France goalkeeper Lloris pleads guilty to drunk driving, fined $65,000


Captain of the French team that won the World Cup in Russian Federation in July, Hugo Lloris was condemned by a judge in court on Wednesday for failing a breath test, and was subsequently banned from driving for the next 20 months.

The Tottenham goalkeeper was pulled by over by police in central London last month when his Porsche was veering toward parked vehicles before going through a red light. They found vomit in the auto after stopping him.

The maximum punishment for drink-driving in Britain is a six-month jail term, although fines and temporary driving bans are more common.

David Sonn, defending, said Lloris' "spectacular fall from grace was not lost" on the goalkeeper.

His lawyer said Lloris knew he should not have been driving and had called a cab after a night out.

"This kind of unsafe behaviour is selfish, illegal and puts lives at risk".

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The court heard that the goalkeeper had been out at a restaurant that evening, where he had been bought drinks by other customers. The legal limit is 35.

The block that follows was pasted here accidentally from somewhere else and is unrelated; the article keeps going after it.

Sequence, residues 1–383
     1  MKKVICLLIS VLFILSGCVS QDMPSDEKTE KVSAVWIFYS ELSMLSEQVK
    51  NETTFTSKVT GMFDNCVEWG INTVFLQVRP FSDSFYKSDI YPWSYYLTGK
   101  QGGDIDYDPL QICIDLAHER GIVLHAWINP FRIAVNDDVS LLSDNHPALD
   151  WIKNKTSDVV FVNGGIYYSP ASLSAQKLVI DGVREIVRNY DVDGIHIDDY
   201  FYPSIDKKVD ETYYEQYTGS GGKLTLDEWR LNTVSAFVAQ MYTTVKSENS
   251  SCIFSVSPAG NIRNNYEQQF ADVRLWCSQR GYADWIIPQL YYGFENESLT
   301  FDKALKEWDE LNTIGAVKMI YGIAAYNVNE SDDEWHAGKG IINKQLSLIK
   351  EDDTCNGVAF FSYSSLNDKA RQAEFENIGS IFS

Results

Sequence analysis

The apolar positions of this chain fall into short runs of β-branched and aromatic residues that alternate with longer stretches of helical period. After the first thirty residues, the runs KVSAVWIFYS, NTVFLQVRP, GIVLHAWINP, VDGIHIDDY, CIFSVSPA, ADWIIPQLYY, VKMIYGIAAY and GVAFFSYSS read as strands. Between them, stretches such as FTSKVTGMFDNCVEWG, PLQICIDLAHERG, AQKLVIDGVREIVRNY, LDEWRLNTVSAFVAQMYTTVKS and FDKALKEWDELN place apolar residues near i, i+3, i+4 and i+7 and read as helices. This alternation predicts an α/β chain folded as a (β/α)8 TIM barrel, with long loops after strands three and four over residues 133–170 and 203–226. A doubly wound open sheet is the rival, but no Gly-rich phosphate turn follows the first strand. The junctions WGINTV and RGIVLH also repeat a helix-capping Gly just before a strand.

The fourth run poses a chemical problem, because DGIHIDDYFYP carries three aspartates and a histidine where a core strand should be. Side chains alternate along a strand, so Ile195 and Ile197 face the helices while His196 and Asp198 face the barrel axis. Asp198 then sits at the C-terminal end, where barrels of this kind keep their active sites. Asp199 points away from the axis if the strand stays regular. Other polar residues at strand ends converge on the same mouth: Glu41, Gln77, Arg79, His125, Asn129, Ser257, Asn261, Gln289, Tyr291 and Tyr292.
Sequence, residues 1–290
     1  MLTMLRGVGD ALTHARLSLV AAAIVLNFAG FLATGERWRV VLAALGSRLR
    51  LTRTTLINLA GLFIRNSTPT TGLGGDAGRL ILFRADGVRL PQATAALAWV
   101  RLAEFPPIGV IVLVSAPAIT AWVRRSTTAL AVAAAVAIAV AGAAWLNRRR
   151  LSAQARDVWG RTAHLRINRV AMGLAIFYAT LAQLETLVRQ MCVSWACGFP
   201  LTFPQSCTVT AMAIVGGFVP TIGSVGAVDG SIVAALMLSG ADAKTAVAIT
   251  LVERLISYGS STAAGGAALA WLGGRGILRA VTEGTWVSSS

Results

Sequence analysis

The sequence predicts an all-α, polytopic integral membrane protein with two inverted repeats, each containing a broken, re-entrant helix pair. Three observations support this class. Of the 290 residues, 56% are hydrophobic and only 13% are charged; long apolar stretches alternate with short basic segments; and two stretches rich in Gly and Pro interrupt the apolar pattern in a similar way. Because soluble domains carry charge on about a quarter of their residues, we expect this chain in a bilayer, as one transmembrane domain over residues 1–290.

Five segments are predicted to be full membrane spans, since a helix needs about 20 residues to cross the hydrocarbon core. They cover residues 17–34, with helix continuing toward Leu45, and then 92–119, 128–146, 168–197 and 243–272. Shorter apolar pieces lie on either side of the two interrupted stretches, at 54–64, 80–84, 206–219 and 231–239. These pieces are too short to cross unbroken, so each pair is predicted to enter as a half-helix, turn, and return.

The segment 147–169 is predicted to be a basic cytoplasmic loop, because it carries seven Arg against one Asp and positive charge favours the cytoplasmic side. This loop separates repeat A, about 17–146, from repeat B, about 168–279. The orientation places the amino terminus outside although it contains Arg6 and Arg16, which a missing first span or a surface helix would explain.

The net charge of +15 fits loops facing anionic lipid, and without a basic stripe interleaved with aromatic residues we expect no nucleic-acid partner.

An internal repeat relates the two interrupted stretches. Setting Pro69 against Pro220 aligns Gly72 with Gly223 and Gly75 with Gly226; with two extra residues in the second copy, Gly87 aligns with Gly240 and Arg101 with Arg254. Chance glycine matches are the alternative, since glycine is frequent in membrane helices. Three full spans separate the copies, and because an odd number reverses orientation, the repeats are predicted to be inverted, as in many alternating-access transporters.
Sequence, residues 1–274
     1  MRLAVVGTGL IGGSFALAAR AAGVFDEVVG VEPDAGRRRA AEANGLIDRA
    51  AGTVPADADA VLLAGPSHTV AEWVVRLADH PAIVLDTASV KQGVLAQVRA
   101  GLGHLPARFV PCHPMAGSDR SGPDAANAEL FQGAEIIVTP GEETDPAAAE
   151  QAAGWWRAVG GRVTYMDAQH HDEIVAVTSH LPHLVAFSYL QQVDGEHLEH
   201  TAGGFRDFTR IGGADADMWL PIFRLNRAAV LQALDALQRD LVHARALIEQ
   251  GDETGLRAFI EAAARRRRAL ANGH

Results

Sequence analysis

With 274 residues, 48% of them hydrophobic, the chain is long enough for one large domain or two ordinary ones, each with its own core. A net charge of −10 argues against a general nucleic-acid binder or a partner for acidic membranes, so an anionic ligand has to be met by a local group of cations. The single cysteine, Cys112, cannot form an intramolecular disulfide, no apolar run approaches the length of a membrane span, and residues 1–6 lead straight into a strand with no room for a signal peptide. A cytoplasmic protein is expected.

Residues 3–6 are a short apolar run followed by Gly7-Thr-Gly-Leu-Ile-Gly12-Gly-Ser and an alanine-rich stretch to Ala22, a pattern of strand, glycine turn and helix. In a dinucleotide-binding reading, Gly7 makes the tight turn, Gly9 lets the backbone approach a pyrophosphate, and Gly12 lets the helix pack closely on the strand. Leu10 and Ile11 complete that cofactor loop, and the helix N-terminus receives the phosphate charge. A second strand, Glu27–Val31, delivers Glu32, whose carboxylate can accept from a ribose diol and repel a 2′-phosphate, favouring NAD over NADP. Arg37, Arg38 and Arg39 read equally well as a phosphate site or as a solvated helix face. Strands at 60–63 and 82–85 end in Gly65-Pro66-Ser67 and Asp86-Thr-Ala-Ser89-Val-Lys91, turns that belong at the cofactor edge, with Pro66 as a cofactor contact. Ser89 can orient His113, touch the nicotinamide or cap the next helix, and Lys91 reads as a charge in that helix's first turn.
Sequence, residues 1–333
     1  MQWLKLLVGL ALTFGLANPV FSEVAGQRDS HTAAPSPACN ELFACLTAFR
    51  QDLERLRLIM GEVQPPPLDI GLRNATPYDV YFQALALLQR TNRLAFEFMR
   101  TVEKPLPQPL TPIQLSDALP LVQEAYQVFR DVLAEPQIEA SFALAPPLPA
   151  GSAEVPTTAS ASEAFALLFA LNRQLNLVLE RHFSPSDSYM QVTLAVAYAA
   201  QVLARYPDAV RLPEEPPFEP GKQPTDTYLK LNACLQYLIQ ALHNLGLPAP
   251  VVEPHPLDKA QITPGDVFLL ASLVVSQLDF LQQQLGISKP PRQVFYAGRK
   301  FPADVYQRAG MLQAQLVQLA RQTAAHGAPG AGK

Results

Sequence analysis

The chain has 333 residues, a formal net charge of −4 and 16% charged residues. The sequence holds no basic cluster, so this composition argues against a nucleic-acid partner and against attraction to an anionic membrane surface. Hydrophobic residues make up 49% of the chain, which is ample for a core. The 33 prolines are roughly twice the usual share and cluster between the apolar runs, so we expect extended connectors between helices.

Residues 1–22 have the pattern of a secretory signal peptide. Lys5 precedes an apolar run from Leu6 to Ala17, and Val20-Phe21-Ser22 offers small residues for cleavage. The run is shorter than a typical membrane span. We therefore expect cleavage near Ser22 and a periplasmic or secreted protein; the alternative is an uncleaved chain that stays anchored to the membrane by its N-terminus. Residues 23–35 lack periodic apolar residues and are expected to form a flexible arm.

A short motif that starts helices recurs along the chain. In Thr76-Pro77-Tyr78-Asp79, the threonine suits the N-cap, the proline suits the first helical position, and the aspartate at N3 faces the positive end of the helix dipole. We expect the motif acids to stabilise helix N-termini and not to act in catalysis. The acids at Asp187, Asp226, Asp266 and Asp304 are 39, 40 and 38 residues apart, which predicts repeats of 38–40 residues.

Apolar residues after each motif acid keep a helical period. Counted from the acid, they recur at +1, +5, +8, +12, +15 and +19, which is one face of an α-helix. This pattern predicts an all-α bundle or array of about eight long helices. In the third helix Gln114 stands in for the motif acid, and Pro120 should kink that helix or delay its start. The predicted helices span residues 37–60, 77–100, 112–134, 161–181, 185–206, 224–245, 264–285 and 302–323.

He said a taxi which had booked cancelled so Lloris made "the first of a number of unwise decisions" and chose to drive home.

In July, he became just the second French captain to pick up the World Cup trophy, having helped the team to a 4-2 victory over Croatia in the final of that competition - a game in which he made a tremendous error when his side were coasting to the prize. He experienced the indignity of being handcuffed and put in a police station overnight.

Lloris, wearing a dark suit and no tie, was flanked by two members of his entourage as he made his way from his vehicle into the court, confronted by dozens of photographers and video journalists.

After sentencing, Joshua Harris, director of campaigns for charity Brake, said: "It is disappointing to see that someone who is a role model to many thousands of football fans has admitted breaking the law by drink-driving".

"This kind of unsafe behaviour is selfish, illegal and puts lives at risk".